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What you do not know about fancy restaurant awards

There is more to prestigious listings than world-class food, great service and a good ambience

Location can prove to be a deterant 

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The frothiest cup of coffee I have ever sipped on was at the Tipfü resort in Kigwema village, nestled in the mountains of Nagaland. One of the waiters noticed that I would sit at the same table at the same time every day and order coffee. They would keep a steaming cup ready. Their food, hospitality and unmatched ambience deserve wider recognition but such small establishments rarely make it to award lists.

Last month, top chefs and restaurants were honoured on platforms like Food Superstars by India-focused Culinary Culture, Times Food Awards, Asia’s 50 Best Restaurants and World’s 50 Best Restaurants. Some, such as Masque and Indian Accent, figure on the lists consistently. New names are rare. So, what determines who gets on to these lists?

Location is key. A restaurant in Goa, Kerala or Nagaland with world-class food and impeccable service may not get visits from every jury member. Food writer and restaurant critic Antoine Lewis says a substantial number of jury members are required to have visited a place to judge it. A restaurant which has the advantage of a prime location, like Delhi or Mumbai, can also “game the system”, he says, inviting jury members for meals and creating a buzz in the media.

The selection process generally involves anonymous dining and voting. World’s 50 Best Restaurants, for example, has a confidential voting system by a panel set up by region-based chairpersons. Rashmi Uday Singh, who has been a chairperson for the subcontinent for 17 years, says the process is audited by Deloitte.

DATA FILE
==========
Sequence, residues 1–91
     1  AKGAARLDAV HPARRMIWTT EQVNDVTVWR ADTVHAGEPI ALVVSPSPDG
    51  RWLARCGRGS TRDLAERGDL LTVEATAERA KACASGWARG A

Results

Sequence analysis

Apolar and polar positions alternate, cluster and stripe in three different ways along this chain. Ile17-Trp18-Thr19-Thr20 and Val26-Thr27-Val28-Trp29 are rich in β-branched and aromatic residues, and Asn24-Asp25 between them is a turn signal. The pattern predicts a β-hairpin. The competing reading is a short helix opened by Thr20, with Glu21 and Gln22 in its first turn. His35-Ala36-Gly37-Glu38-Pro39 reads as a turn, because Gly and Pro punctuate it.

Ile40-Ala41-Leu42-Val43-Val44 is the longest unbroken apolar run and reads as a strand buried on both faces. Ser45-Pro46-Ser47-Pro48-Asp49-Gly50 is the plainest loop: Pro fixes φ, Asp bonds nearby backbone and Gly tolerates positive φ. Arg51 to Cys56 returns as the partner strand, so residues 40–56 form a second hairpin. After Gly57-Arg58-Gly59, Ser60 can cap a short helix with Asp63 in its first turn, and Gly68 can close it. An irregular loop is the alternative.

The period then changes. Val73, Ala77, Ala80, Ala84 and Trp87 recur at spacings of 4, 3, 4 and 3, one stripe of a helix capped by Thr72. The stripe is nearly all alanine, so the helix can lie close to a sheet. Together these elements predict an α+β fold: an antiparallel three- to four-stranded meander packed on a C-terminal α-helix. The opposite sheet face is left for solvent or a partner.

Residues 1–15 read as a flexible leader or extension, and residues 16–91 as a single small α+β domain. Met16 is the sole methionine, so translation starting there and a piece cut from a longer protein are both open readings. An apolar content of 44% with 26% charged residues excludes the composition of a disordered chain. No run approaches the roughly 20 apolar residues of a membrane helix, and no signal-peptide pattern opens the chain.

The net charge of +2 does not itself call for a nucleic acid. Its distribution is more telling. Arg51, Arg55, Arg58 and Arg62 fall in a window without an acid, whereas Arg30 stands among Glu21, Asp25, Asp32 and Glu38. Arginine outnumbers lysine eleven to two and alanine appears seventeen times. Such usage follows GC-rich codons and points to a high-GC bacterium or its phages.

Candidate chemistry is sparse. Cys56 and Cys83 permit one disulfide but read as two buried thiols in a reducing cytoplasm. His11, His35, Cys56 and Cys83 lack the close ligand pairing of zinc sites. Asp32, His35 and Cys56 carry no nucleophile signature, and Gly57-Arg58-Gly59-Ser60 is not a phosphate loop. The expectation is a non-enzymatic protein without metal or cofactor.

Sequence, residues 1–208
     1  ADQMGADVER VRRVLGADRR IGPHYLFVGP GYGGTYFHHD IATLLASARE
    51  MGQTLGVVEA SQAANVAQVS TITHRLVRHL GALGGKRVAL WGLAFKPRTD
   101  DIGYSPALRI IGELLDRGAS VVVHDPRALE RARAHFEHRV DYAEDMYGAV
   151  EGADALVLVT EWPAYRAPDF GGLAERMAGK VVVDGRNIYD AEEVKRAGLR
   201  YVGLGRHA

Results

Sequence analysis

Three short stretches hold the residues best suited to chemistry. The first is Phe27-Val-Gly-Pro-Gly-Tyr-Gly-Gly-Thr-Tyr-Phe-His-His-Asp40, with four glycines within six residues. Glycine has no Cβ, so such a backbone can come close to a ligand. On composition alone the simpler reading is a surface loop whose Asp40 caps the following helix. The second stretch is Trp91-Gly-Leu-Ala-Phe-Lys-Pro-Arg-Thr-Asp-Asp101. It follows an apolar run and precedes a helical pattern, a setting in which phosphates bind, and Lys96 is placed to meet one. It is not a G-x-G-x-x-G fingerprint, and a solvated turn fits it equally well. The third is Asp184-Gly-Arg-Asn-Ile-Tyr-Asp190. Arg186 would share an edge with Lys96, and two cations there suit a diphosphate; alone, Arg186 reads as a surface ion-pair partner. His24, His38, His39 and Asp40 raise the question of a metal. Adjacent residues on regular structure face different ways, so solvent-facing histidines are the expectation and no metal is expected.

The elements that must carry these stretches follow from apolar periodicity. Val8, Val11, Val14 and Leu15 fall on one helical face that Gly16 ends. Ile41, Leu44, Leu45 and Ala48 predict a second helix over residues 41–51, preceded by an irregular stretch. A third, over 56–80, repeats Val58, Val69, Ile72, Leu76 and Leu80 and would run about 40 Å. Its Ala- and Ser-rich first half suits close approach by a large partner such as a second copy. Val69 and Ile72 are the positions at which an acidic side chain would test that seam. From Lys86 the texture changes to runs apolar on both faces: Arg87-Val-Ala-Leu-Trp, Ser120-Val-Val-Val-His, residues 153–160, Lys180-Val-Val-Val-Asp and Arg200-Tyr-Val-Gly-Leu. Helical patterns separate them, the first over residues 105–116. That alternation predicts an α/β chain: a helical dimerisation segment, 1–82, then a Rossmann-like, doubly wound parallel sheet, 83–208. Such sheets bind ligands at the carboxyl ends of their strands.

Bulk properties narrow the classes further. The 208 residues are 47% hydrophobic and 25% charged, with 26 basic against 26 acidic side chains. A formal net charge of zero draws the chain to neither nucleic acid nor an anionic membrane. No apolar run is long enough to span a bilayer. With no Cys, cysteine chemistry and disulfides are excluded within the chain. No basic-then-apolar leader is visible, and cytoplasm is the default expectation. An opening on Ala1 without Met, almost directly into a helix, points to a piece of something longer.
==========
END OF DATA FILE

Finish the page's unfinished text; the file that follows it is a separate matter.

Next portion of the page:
Lewis says there are always some broad parameters, such as food, ambience and service. Apart from these, a jury member has to consider the aim of the awards: whether it’s about honouring chefs, recognising talent or promoting gastro tourism. Michelin Guide confers stars to restaurants “to foster a culture of travel and eating out”. World’s 50 Best Restaurants and Asia’s 50 Best Restaurants promote gastro tourism, while maintaining a balance between contenders. One yardstick is price points; the name of a local sweet shop with iconic status will not be placed alongside premium dining restaurants.  

The impact of the awards differs too. Culinary Culture CEO Raaj Sanghvi offers the example of chef Mauro Colagreco. In January 2019, he received the third Michelin star for his restaurant, Mirazur, in France. That June, his restaurant was rated No.1 in World’s 50 Best. “For him,” says Sanghvi, “the third Michelin star was about prestige in the chef’s community. But when the latter happened, it was booked for a year.”

Awards have limitations despite the occasional surprise—such as the inclusion of the septuagenarian street food legend, Jay Fai of Bangkok, who holds one Michelin star. The good thing, Lewis notes, “is (that though awards) may not necessarily go to the best guys, it’s highly unlikely that a bad restaurant will get awarded”.

Also read | How to explore Goa like a chef

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